A city in the east-central part of Indiana might not be the first place you'd think to look for Black history. "What about Atlanta? Or Little Rock? Or Selma?" you might ask. But take a moment to look at a map of the state, and it's easy to see why this place is as important to African American history as all of those others.
The Ohio River creates the ruffly southern border that separates Indiana from Kentucky, and freedom-seeking slaves had to cross it in order to get to Michigan and Canada, where they could find work and be safe. Often they did this when the water was frozen in the winter to avoid drowning. Once they had arrived at such cities as Madison and Jeffersonville, the trip north took them straight through Richmond.
Another reason for its importance is that in the first settlers to arrive here in the 1800s were abolitionist Quakers from the South. Among them were Levi Coffin and his wife, Catharine, whose home in Fountain City, just sixmiles north, came to be known as the "Grand Central Station of the Underground Railroad."
Over a period of 20 years the Coffins helped some 2,000 runaway slaves on their way to freedom in myriad clever ways that escaped detection by the slavecatchers who pursued them. They built their home over a well so that no one could detect how much water they were using, for example, and Catharine cooked for everyone in a basement kitchen that was below ground level. An attic space could hold up to 14 people if they were crammed together. When the small access door was closed and a bed was pushed into position to cover it, no one could tell they were there.
And who would have guessed that as the Coffins' four children slept in their beds runaway slaves slept under the mattresses beneath them? Levi transported the freedom seekers in a horse-drawn wagon with a false bottom. The person lay beneath the wagon's floor, which was then covered with straw and bags of grain.
Today the original house and the adjacent Interpretive Center are at the heart of Richmond's Black History Trail, which visitors can drive and walk at their own speed. This is the best place to start because the tour begins with a short film that puts what happened here into context. Interactive displays further explain all that you are seeing.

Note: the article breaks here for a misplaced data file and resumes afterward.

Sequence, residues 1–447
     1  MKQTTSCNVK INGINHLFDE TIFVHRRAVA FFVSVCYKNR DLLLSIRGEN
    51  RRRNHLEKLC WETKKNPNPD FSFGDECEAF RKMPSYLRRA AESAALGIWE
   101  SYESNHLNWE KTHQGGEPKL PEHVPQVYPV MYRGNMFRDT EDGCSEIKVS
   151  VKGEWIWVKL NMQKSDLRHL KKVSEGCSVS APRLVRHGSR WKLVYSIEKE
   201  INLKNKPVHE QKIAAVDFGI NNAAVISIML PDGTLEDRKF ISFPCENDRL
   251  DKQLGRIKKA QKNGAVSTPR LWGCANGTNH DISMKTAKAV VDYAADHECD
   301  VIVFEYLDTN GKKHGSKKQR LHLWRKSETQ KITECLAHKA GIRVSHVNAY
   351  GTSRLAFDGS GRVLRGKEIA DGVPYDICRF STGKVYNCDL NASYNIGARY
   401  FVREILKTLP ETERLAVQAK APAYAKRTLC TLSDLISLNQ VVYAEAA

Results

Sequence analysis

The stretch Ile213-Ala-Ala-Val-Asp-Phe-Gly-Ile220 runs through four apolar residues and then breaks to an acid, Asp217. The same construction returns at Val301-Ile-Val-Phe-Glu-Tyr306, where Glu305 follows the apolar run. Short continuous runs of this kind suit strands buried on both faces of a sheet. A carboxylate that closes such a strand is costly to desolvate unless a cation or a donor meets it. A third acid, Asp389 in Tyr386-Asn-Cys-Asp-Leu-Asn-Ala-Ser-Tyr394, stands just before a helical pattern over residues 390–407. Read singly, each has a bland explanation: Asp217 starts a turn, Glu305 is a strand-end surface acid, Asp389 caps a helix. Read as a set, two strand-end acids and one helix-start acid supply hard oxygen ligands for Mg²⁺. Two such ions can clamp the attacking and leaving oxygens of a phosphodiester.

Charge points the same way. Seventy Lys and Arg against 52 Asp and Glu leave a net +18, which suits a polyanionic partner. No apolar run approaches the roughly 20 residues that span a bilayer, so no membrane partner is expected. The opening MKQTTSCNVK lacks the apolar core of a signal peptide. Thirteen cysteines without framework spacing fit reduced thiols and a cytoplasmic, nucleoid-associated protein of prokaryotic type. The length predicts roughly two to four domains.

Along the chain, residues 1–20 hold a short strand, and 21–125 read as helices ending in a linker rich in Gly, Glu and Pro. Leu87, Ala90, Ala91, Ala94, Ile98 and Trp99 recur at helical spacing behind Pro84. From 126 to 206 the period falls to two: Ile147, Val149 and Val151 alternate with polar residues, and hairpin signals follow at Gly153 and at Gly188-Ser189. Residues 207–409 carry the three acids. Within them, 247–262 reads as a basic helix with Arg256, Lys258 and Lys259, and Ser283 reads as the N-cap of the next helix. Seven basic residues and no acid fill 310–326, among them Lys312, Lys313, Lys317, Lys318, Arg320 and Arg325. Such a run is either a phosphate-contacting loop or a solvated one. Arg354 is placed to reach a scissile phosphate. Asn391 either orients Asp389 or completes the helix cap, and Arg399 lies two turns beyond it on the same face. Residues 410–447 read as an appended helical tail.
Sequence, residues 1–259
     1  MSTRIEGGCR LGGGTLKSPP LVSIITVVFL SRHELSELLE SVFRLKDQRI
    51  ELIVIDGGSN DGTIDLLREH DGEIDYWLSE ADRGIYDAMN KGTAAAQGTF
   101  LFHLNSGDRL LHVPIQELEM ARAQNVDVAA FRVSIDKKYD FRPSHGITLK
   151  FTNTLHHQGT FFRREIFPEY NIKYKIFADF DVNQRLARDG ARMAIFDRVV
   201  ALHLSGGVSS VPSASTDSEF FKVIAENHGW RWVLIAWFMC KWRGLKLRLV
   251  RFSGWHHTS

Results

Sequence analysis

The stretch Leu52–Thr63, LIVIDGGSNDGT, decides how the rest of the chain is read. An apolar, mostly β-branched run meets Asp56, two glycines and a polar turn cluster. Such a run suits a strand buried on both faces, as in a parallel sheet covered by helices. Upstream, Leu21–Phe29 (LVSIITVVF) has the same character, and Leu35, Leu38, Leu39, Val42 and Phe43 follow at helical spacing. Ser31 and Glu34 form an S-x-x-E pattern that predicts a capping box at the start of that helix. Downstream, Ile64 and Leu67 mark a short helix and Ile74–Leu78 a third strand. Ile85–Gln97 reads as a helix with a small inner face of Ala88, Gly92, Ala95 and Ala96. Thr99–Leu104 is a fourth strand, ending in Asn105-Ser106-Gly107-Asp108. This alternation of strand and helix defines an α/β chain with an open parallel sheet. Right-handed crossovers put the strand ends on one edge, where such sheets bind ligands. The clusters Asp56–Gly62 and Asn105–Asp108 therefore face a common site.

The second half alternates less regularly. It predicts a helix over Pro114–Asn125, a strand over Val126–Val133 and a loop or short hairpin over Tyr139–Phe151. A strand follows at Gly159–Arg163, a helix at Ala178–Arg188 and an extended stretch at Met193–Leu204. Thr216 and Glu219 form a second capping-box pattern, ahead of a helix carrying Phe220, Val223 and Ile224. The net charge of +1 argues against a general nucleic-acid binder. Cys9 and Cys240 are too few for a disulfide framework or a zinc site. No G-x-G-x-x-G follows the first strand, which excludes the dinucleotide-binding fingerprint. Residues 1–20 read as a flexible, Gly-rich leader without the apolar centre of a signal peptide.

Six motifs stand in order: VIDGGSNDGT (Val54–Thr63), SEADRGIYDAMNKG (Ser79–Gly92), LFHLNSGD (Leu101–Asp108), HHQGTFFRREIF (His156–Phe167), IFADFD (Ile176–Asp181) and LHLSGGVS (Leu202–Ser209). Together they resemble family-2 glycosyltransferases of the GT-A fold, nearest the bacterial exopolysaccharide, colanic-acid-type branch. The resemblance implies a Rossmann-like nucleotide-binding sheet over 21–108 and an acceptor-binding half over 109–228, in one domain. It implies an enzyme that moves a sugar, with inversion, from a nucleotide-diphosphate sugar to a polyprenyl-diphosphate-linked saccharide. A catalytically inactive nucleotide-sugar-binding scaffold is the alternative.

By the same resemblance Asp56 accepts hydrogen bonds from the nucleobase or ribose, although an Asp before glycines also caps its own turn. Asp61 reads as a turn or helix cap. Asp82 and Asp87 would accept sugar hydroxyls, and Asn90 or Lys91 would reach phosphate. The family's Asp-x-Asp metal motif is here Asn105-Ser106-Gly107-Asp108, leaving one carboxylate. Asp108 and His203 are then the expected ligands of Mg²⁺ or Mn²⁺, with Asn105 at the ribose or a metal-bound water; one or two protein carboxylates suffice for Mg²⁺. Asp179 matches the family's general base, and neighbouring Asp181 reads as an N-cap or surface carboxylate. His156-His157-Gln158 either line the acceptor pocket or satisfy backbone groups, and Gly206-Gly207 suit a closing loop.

Other highlights of the trail are the remains of the Starr Piano factory, where Gennett Records had its studios. At one time they were the only recording company that would record Black musicians, and this is where the likes of Louis Armstrong, Blind Lemon Jefferson and Duke Ellington got their starts. Now the Gennett Walk of Fame features a series of 29 large bronze medallions made to resemble 78-rpm records with ceramic images of the entertainers at their centers.
Richmond is also well-known for its murals, and several commemorate African American people and events. Some throughout the city honor Gennett Records; Charley Patton, known as the founder of the Delta Blues; and escaped slaves running toward freedom.
Another location not to be missed is Longtown, the earliest settlement of free Blacks in Indiana. It was established along the Indiana and Ohio line in nearby Randolph County, and historians believe its location was decided upon so that if laws in one state became too restrictive for people of color, they could move across the road to the other.
Not much remains of the homes, sawmill, schools, Masonic hall, churches and blacksmith shop that were once here, but standing where it all happened and looking across the road to another state is an emotional and not-to-be-missed experience. Just down the road is the Union Literary Institute, a school founded by the town's settlers and their abolitionist Quaker neighbors because children of color were excluded from early public schools.
Back in town are more locations important to learning about Black history here. The Charles House in Glen Miller Park, home of another Quaker abolitionist, Samuel Charles, was in the process of being town down when a man walked by and asked the demolition crew if they had found the secret cellar. When they didn't know what he was talking about, he directed them to the place where Charles had hidden slaves before sending them on north. The demolition ended, and the house—one of the oldest in Richmond—remains today.
Also in this park is an interpretive sign that memorializes the all-Black Richmond Giants, who hosted Negro League baseball teams who traveled from town to town playing other teams of color at a time when the major leagues barred them from playing. Another marker honors Bishop William Paul Quinn, an African Methodist Episcopal missionary who was sent to organize churches between Ohio and Missouri and made Richmond his base of operations. At that time the city had the name "Little Africa" because so many Black people were moving in, and their community centered around the Bethel AME Church. His gravesite can be visited at the Earlham Cemetery.